To cut greenhouse gas emissions on pace with the best available science, the United States must prepare for a monumental increase in electricity use. Burning fossil fuels to heat homes and get around isn't compatible with keeping the planet at a livable temperature. Appliances that can be powered by clean electricity already exist to meet all of these needs.
The race to "electrify everything" is picking up. President Joe Biden's signature climate legislation, the Inflation Reduction Act, signed in August, contains billions of dollars to help Americans electrify their homes, buy electric vehicles, and install solar panels. Meanwhile, cities all over the country, including New York, Boston, Seattle, and San Francisco are requiring that new buildings run only on electricity, after the city of Berkeley, California, pioneered the legislation in 2019.
The problem is, most houses aren't wired to handle the load from electric heating, cooking, and clothes dryers, along with solar panels and vehicle chargers. Rewiring America, a nonprofit that conducts research and advocacy on electrification, estimates that some 60 to 70 percent of single-family homes will need to upgrade to bigger or more modern electrical panels to accommodate a fully electrified house.
"It's going to be the electrification worker, the electricians that are going to see a real surge in demand," said Panama Bartholomy, executive director of the Building Decarbonization Coalition, a national nonprofit working to get fossil fuels out of homes.
But in the Bay Area, arguably the birthplace of the movement to "electrify everything," homeowners are struggling to find technicians to upgrade their electrical panels or install electric heat pumps, let alone for everyday repairs. Residential electrical contractors are swamped with calls and struggling to find experienced people to hire. The schools tasked with training the next generation of electricians are tight on funds and short on teachers. It's a story that's playing out across the country. And what might be inconvenient today could soon hamstring attempts to cut carbon emissions even as these efforts become more urgent.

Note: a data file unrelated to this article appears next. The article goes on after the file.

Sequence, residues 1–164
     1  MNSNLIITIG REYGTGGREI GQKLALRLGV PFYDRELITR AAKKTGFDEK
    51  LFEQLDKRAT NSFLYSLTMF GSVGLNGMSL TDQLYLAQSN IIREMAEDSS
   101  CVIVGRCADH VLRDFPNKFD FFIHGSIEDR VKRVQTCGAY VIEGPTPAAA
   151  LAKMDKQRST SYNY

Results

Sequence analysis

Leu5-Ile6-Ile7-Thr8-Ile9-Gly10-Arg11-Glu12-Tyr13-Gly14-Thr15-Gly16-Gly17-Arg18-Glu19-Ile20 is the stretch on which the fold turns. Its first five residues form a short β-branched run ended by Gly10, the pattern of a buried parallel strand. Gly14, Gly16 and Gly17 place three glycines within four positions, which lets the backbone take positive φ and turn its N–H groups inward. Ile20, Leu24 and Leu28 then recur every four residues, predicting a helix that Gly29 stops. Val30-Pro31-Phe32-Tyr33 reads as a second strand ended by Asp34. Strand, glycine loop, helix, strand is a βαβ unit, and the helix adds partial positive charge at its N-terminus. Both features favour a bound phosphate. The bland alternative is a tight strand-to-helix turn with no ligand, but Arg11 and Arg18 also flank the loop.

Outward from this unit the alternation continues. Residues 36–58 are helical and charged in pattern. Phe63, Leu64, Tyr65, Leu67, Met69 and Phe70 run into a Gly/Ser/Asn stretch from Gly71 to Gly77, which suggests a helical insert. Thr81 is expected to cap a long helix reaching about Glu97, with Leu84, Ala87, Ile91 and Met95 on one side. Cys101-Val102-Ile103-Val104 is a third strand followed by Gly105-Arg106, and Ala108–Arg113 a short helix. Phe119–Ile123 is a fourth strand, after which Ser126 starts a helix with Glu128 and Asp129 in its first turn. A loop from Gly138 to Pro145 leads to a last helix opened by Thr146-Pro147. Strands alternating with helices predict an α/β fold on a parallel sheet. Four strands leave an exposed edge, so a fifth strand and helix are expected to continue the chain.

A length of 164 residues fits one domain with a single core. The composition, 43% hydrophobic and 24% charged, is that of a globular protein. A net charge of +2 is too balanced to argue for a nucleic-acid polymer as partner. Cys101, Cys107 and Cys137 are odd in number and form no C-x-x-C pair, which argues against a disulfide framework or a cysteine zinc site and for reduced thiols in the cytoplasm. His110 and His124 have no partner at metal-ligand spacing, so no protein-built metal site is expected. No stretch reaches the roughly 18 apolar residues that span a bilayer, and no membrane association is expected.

Grist / Jessie Blaeser
"It is hard to imagine tens of millions of households in the U.S. individually undertaking the sort of time consuming, expensive process that I experienced," wrote Andrew Campbell in a blog post chronicling his experience.
The contractor Campbell ended up working with was Boyes Electric, a small company based in Oakland owned by Borin Reyes.
Reyes, who's 28, moved to California from Guatemala when he was 16 and got introduced to electrical work in high school. His dad was a general contractor and would take him out in the field during summer break. On one job, there was an electrical subcontractor who needed an extra set of hands, and Borin started working for him from time to time. He liked the work — but more so he liked the money he was making. After graduating from high school, he saw electrical work as a path to moving out of his parents' house, so he enrolled in a training program at a now-shuttered for-profit technical school in Oakland to get more experience.
Electrician Borin Reyes holds an electric vehicle charger. Brett Marsh / Grist